A lawmaker recently stopped by my office. We were elected in the same year and reflected on the performance of the numerous Speakers of the House who have served during our time as legislators. He had no problem sharing his honest point of view and his critique was mostly negative.
He doesn’t have fond memories of most who held the office. “They were great when they were just normal members of the House, but once they became Speaker, everything changed,” he opined.
It’s not the first time I have made this observation: no matter how benevolent or heavy-handed the Speaker, most are not remembered fondly.
Why is this?
The Speaker is arguably Oklahoma’s most powerful politician. For all practical purposes, the Speaker of the House has authority over the life and death of all proposed legislation, he appoints all House committee chairmen and committee members, presides over the expenditure of the 15 million dollar annual House budget, and much more.
How does someone with all this power routinely become so disliked?
Enormous power is a curse. Most speakers are incapable of adjudicating hundreds of pieces of policy, directly overseeing 15 million dollars of spend, and having the savvy and thoughtfulness to understand the many cause and effect implications of their actions. They can’t be blamed. Most of these items are not within their natural skill set, training or professional ability.
Worse, they don’t always get the best help in carrying out these duties.
In order to win the votes to become speaker, this person routinely surrounds himself with those are not adept at deliberately adjudicating policy or offering wise leadership strategies. Those close to the Speaker are often favored because of their perceived loyalty to the governing faction, or their ability to broker a deal to vote for the Speaker in exchange for a powerful appointment.
This deprives the Speaker of what he needs most: an inner circle of honest and skilled individuals who are not afraid to push back against the Speaker’s actions and suggest an alternate – and frequently, the actual reality.
Numerous members of the House see the follies of leadership but are reluctant to publicly criticize the Speaker while he is in office. They filter just about everything they do through the unhealthy prism of: “How will the Speaker retaliate against me if he dislikes what I say, do or how I vote?”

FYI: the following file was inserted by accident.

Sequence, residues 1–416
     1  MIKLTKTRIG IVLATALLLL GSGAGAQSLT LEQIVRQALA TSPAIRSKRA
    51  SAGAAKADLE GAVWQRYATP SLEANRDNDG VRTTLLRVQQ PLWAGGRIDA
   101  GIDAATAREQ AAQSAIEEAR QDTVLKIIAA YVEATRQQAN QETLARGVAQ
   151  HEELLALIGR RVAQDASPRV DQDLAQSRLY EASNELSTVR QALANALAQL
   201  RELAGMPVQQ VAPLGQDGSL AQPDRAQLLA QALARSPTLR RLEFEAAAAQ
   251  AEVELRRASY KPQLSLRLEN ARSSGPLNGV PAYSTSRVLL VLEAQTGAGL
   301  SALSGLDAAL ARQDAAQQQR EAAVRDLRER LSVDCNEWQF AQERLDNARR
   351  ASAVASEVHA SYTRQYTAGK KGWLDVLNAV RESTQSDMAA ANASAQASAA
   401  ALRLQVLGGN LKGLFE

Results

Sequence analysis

They wait until he is gone, breathe a sigh of relief, hope the next guy is better and only at that time do they feel comfortable enough to start sharing their honest opinion about the previous Speaker.
No one wants to tell the Speaker the truth until he is long gone and can’t retaliate.
My advice to the next Speaker is twofold.
Firstly, reach out to two or three of your smartest critics and ask of them a huge favor: “Tell me the truth! Give me your most honest advice and never acquiesce to my point of view unless you really believe it.”
Secondly, transform the House of Representatives. Take the power from the office of the Speaker and give it to the House members.
If he follows this advice, the next Speaker will not be feared by the members of the House because he will have no power to retaliate against them; his soul won’t be nearly as vulnerable to the corruption of absolute power because the power will reside with the members; and, the institution of the House will greatly benefit as no longer will its members constantly calculate for the power of the corner office.
And, should he follow this advice, the next Speaker might just end up being one of the few past speakers who is remembered warmly.
Thank you for reading this article. Your interest and input are much appreciated. Please do not hesitate to email Jason.Murphey@hd31.org with your thoughts and suggestions.